KUALA LUMPUR (April 7): European plane maker Airbus says it is working with its cash-strapped airline customers across the world including Malaysia to find solutions as they struggle to stay afloat during the Covid-19 pandemic.
“The pandemic’s impact on airlines around the world, including Asean and Malaysia, has been severe and prolonged. We are actively working with our airline customers to find solutions, which are on a wide range of issues and very different from airline to airline,” Airbus president for Asia-Pacific Anand Stanley told selected Malaysian media today — his first in-person foreign press briefing since assuming the post last July.
Based in Singapore, Anand is on a three-day visit, having called on Transport Minister Datuk Seri Dr Wee Ka Siong and AirAsia Group Bhd group chief executive officer Tan Sri Tony Fernandes yesterday and is scheduled to meet Malaysia Airlines Bhd tomorrow.
“I cannot discuss specific solutions regarding specific airlines because of the broad range of discussions that are very different from airline to airline and all these discussions are individually bound by confidentiality agreements.
“But the discussions are centred on helping our airline customers during this challenging time and (helping them) be prepared for the post-pandemic recovery,” he added.
AirAsia Group, together with AirAsia X Bhd (AAX), is one of Airbus' largest customers. AAX is currently in talks with its lessors and creditors to reconstitute RM64.15 billion of debt into RM200 million of debt.
Anand declined to reveal how its airline customers’ restructuring talks with Airbus have affected the latter’s aircraft production and delivery rates in the region except to say that globally the company had reduced its deliveries last year in response to the market environment.
In February, Airbus announced that it managed to deliver 566 aircraft last year, down 34% from the 863 it handed over in the previous year. This year, the company targets to at least achieve the same number of commercial aircraft deliveries as in 2020.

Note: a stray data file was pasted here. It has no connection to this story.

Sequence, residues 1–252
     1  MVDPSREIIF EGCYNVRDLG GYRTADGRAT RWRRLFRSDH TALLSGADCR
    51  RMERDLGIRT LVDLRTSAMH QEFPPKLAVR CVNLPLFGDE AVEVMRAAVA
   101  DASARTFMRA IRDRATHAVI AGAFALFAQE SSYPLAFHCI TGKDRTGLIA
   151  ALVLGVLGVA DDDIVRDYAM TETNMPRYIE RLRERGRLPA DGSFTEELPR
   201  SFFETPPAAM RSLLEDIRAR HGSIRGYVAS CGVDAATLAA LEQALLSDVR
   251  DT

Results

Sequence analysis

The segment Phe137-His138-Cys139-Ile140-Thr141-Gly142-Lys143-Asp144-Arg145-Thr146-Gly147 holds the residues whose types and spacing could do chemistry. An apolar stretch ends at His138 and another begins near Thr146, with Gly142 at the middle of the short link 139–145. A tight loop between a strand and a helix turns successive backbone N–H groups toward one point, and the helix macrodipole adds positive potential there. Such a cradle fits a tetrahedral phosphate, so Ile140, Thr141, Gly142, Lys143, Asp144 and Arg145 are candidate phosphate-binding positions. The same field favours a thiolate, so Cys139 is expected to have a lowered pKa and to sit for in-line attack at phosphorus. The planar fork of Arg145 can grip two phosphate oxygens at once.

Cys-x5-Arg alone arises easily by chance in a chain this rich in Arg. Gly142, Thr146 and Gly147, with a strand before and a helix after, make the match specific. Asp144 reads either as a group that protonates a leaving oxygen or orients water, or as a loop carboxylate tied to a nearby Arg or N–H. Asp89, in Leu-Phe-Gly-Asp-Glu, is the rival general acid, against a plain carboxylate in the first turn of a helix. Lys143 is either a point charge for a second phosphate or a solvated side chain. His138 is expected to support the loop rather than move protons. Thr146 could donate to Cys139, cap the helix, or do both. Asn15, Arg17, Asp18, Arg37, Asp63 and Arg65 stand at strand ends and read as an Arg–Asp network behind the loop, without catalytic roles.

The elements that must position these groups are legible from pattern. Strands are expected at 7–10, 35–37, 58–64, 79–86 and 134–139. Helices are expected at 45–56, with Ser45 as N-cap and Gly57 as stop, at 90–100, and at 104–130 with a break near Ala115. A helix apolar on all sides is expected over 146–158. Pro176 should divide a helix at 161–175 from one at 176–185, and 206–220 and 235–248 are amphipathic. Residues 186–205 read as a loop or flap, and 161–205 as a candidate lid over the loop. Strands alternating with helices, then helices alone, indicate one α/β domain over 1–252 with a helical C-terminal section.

“As we emerge in the world post-pandemic, our production and delivery rates will be calibrated to match the demand,” said Anand.
Anand also reaffirmed Airbus’ commitment to Malaysia.
“Our commitment to the market be it the airlines, Malaysian air force, space and helicopter groups, and to our industrial presence here has not changed. While our activity and procurement in the Malaysian supply base have not been at the pre-pandemic level because of pandemic restrictions, but pre-pandemic period, we were procuring, investing and exporting US$400 million a year in Malaysia.
“Once we move to the post-pandemic world, the commitment remains to our 14 major suppliers in Malaysia, and the 4,000 employees, partners and subcontractors in the region,” he said.
“Malaysia represents Airbus’ largest supplier base in Southeast Asia while it is the third largest market and hub in Asia-Pacific after China and India.
“Today, 14 Malaysian companies are producing aero structures, aviation and aircraft components and parts for our complete range of civil aircraft as well as for the A400M military transporter. Our key Malaysian suppliers include Composite Technology Research Malaysia Sdn Bhd, Spirit Aerosystems Malaysia Sdn Bhd and SME Aerospace Sdn Bhd,” he added.
There are currently about 300 Airbus commercial aircraft in Malaysia including the A320s, the A330s and the latest-generation A350s, as well as 80 Airbus helicopters in service in the country.
“Covid-19 has severely impacted the aviation sector. Recovery has been slow, but all the measures and protocols are in place to enable a safe return to travel when the borders reopen. All of our aircraft are fitted with the latest technology to ensure the quality of air in the cabin.
“We believe carriers in Malaysia are well-positioned (for the recovery). They operate state-of-the-art Airbus fleets that are tailored to the new market conditions and hence, these fleets are well-positioned in the post-pandemic world,” said Anand.
In February, Airbus forecast that the recovery in commercial air transport won’t return to 2019 levels until some time between 2023 and 2025.
On its relationship with airline customers following the bribery scandal that saw the company paying penalties of €3.6 billion plus interest and costs to the French, UK and US authorities last year, Anand said: “We cannot comment on the activities or actions of governments, but we comply and support any government investigations.
“We are very proud that we have a lot of long standing customers in the region. Through this impact of the pandemic, we are working with our customers including those in Malaysia to help them find solutions in this challenging time. I had a meeting with the Transport Minister yesterday and I will be meeting with all our customers during this visit.”
Commenting on his meeting with Fernandes, Anand said: “We had a very, very good meeting and I strongly believe that low-cost carriers such as AirAsia play a key role in enabling more and more people to fly and that the low-cost carrier market will resume with strong growth post-Covid-19. We are also working closely with Malaysia Airlines, which I am looking forward to meeting with (tomorrow).”